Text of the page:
Of course, lots of people vote a straight ticket. Some do so because they are partisan. Others do so because of a particular policy position: Many pro-lifers, for example, will not vote for Democrats, even pro-life Democrats, because they see the Democratic Party as institutionally committed to the slaughter of babies.

We’re proposing something different. We’re suggesting that in today’s situation, people should vote a straight Democratic ticket even if they are not partisan, and despite their policy views. They should vote against Republicans in a spirit that is, if you will, prepartisan and prepolitical. Their attitude should be: The rule of law is a threshold value in American politics, and a party that endangers this value disqualifies itself, period. In other words, under certain peculiar and deeply regrettable circumstances, sophisticated, independent-minded voters need to act as if they were dumb-ass partisans.

For us, this represents a counsel of desperation. So allow us to step back and explain what drove us to what we call oppositional partisanship.

To avoid misunderstanding, here are some things we are not saying. First, although we worry about extremism in the GOP, that is not a reason to boycott the party. We agree with political analysts who say that the Republicans veered off-center earlier and more sharply than the Democrats—but recently the Democrats have made up for lost time by moving rapidly leftward. In any case, under normal circumstances our response to radicalization within a party would be to support sane people within that party.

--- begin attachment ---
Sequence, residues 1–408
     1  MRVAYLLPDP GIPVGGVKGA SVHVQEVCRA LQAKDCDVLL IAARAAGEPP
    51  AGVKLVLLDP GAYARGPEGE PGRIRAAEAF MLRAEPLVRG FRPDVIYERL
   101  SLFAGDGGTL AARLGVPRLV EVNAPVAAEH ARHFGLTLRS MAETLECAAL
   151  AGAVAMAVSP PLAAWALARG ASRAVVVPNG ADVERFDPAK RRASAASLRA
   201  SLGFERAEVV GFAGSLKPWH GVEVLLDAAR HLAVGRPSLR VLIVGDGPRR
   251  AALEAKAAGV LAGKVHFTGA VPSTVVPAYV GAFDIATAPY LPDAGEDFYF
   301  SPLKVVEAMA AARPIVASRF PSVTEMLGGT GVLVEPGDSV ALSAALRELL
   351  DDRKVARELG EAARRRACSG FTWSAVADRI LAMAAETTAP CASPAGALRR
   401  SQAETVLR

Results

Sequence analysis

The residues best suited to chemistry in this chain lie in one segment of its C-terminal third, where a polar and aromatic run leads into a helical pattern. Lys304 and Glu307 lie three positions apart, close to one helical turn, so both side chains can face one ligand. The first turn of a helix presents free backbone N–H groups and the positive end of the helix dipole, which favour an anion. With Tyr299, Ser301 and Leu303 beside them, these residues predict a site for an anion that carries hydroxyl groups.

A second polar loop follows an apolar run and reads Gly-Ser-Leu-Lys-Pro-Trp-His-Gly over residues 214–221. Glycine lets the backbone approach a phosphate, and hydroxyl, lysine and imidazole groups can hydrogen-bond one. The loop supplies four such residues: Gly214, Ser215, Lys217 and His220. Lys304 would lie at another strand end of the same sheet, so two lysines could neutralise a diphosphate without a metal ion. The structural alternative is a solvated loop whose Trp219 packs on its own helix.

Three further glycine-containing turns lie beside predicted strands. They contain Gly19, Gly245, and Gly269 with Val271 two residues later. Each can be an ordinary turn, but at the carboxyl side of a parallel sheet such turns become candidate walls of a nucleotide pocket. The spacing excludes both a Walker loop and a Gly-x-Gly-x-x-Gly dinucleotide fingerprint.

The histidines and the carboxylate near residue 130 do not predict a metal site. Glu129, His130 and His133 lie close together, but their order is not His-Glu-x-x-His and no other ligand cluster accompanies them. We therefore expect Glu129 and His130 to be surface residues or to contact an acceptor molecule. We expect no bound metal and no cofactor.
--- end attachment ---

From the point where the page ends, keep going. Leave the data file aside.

Nor is our oppositional partisanship motivated by the belief that Republican policies are wrongheaded. Republicans are a variegated bunch, and we agree with many traditional GOP positions. One of us has spent the past several years arguing that counterterrorism authorities should be granted robust powers, defending detentions at Guantánamo Bay, and supporting the confirmations of any number of conservative judges and justices whose nominations enraged liberals. The other is a Burkean conservative with libertarian tendencies and a long history of activism against left-wing intolerance. And even if we did consistently reject Republican policy positions, that would not be sufficient basis to boycott the entire party—just to oppose the bad ideas advanced by it.